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Longfellow Kept Alive The Story Of Acadian Exile

The sad saga of the Acadian exile was all but forgotten until Henry Wadsworth Longfellow heard a story about two lovers who had been separated at the time of the expulsion. He retold the story in his epic poem Evangeline. His is a fictional account, telling the story of two young lovers from the Acadian settlement of St. Gabriel. But Longfellow's poetic license condensed and romanticized the story of the dispersion in such a way that it captured the American imagination and empathy. Here are excerpts from the long poem in which the poet describes the Acadians' last days in their ancestral homeland.

Henry Wadsworth Longfellow

Pleasantly rose next morn the sun on the village of Grand-Pré.

Pleasantly gleamed in the soft, sweet air the Basin of Minas,

Where the ships, with their wavering shadows, were riding at anchor.

Life had long been astir in the village, and clamorous labor

Knocked with its hundred hands at the golden gates of the morning.

Now from the country around, from the farms and neighboring hamlets,

Came in their holiday dresses the blithe Acadian peasants.

Many a glad good morrow and jocund laugh from the young folk

Made the bright air brighter, as up from the numerous meadows,

Where no path could be seen but the track of wheels in the greensward,

Group after group appeared, and joined, or passed on the highway.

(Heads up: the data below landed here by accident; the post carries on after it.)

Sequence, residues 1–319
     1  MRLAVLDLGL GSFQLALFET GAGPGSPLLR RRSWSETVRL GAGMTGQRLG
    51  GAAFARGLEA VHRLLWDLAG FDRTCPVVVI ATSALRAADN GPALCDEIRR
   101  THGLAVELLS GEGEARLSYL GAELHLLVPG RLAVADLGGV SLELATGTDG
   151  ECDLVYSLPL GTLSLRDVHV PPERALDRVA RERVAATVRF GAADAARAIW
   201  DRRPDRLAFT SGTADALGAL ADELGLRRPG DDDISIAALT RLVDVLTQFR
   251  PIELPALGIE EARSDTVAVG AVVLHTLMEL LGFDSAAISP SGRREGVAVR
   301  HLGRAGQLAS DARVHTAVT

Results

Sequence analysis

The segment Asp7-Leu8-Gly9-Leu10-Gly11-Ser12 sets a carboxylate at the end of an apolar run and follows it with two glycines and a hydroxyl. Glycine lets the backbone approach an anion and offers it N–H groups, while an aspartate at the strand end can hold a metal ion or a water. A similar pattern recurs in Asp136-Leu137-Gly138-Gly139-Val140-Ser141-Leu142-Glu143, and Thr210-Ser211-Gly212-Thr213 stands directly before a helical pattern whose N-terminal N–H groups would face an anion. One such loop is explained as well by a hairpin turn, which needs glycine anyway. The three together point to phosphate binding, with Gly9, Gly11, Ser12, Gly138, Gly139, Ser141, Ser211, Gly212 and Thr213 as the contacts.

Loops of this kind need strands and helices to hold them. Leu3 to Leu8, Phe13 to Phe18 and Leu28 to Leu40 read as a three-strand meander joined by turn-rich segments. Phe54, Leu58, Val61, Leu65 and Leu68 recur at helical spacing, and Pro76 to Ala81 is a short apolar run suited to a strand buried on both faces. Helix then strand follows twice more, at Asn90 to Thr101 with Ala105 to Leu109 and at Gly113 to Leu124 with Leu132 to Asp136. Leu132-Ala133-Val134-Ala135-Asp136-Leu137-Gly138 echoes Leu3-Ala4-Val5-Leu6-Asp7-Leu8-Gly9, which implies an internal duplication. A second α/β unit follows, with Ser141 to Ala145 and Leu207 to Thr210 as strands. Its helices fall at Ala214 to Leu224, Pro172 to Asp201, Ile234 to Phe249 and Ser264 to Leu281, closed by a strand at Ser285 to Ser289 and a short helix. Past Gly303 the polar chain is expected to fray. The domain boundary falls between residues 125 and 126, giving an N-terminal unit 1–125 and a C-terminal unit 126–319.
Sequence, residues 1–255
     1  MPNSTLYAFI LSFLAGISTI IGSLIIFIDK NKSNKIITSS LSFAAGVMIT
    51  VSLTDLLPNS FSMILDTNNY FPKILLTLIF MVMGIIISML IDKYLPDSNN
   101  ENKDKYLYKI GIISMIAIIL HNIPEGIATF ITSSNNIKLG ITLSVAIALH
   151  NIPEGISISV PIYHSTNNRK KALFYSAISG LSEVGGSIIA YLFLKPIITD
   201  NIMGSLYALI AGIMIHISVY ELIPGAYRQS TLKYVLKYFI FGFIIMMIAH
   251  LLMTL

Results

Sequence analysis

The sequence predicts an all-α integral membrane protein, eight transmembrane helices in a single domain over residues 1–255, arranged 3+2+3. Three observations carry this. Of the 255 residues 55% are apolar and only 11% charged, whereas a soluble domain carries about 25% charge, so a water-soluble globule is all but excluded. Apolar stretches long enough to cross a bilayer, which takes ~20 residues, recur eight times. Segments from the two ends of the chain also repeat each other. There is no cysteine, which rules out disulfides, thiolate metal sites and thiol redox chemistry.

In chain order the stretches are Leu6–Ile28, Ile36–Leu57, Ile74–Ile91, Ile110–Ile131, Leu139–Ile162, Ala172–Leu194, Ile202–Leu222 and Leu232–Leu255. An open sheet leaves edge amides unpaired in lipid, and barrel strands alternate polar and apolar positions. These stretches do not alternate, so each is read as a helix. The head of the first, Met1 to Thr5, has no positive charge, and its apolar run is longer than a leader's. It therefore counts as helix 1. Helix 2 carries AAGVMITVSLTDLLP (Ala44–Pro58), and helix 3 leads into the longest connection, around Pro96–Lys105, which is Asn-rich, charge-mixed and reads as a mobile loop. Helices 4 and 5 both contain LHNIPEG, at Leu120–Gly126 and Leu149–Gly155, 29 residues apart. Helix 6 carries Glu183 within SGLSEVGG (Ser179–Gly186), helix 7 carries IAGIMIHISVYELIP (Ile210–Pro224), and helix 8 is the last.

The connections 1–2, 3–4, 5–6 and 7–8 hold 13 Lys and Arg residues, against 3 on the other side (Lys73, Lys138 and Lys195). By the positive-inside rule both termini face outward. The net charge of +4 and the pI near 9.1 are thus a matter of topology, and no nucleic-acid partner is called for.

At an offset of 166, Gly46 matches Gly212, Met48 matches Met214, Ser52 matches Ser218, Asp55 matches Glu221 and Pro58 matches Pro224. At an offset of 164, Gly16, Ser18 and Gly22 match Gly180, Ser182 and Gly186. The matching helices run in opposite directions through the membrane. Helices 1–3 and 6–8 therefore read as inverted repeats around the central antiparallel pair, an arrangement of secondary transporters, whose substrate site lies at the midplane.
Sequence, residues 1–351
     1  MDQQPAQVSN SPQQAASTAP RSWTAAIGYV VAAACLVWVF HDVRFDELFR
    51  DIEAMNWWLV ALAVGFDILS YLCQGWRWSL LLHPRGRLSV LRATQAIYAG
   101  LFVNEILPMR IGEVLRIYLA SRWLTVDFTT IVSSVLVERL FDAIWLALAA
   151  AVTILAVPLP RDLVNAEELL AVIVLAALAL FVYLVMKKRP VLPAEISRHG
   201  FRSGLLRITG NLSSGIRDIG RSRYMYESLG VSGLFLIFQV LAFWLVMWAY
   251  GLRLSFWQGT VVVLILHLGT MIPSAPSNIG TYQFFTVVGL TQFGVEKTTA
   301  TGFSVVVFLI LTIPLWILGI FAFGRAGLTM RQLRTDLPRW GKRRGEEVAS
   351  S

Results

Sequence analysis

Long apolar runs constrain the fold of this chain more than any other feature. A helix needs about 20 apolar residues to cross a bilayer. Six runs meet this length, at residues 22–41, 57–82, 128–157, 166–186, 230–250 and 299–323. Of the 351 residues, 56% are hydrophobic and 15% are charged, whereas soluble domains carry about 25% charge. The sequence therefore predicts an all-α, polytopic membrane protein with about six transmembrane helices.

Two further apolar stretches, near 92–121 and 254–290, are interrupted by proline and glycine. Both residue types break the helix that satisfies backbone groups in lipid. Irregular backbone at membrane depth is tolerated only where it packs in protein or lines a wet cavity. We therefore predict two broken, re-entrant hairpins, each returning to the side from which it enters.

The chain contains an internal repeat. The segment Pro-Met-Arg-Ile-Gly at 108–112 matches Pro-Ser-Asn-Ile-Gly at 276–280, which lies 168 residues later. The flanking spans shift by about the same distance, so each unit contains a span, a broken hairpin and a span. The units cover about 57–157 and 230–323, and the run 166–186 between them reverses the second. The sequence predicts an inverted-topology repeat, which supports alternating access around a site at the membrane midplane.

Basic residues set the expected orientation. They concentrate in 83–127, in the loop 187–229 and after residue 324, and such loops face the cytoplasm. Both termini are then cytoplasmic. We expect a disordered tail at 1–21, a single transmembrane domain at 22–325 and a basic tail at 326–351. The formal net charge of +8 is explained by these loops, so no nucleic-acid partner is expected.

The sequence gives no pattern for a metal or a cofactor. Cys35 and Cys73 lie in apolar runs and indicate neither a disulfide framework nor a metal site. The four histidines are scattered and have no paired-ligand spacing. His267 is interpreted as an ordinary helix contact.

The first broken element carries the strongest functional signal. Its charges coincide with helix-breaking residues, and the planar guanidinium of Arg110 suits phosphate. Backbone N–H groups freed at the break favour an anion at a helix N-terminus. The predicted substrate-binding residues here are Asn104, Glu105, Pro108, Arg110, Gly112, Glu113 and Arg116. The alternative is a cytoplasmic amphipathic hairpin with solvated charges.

Long ere noon, in the village all sounds of labor were silenced.

Thronged were the streets with people; and noisy groups at the house-doors

Sat in the cheerful sun, and rejoiced and gossiped together.

So passed the morning away. And lo! with a summons sonorous

Sounded the bell from its tower, and over the meadows a drum beat.

Thronged erelong was the church with men. Without, in the churchyard,

Waited the women. They stood by the graves, and hung on the headstones

Garlands of autumn-leaves and evergreens fresh from the forest.

Then came the guard from the ships, and marching proudly among them

Entered the sacred portal. With loud and dissonant clangor

Echoed the sound of their brazen drums from ceiling and casement,

Echoed a moment only, and slowly the ponderous portal

Closed, and in silence the crowd awaited the will of the soldiers.

Then uprose their commander, and spake from the steps of the altar,

Holding aloft in his hands, with its seals, the royal commission.

"You are convened this day," he said, "by his Majesty's orders.

Clement and kind has he been; but how you have answered his kindness,

Let your own hearts reply! To my natural make and my temper

Painful the task is I do, which to you I know must be grievous.

Yet must I bow and obey, and deliver the will of our monarch;

Namely, that all your lands, and dwellings, and cattle of all kinds

Forfeited be to the crown; and that you yourselves from this province

Be transported to other lands. God grant you may dwell there

Ever as faithful subjects, a happy and peaceable people!

Prisoners now I declare you; for such is his Majesty's pleasure!"

As, when the air is serene in the sultry solstice of summer,

Suddenly gathers a storm, and the deadly sling of the hailstones

Beats down the farmer's corn in the field and shatters his windows,

Hiding the sun, and strewing the ground with thatch from the house-roofs,

Bellowing fly the herds, and seek to break their enclosures;

So on the hearts of the people descended the words of the speaker.

Silent a moment they stood in speechless wonder, and then rose

Louder and ever louder a wail of sorrow and anger,

And, by one impulse moved, they madly rushed to the door-way.

Vain was the hope of escape; and cries and fierce imprecations

Rang through the house of prayer;

Meanwhile had spread in the village the tidings of ill, and on all sides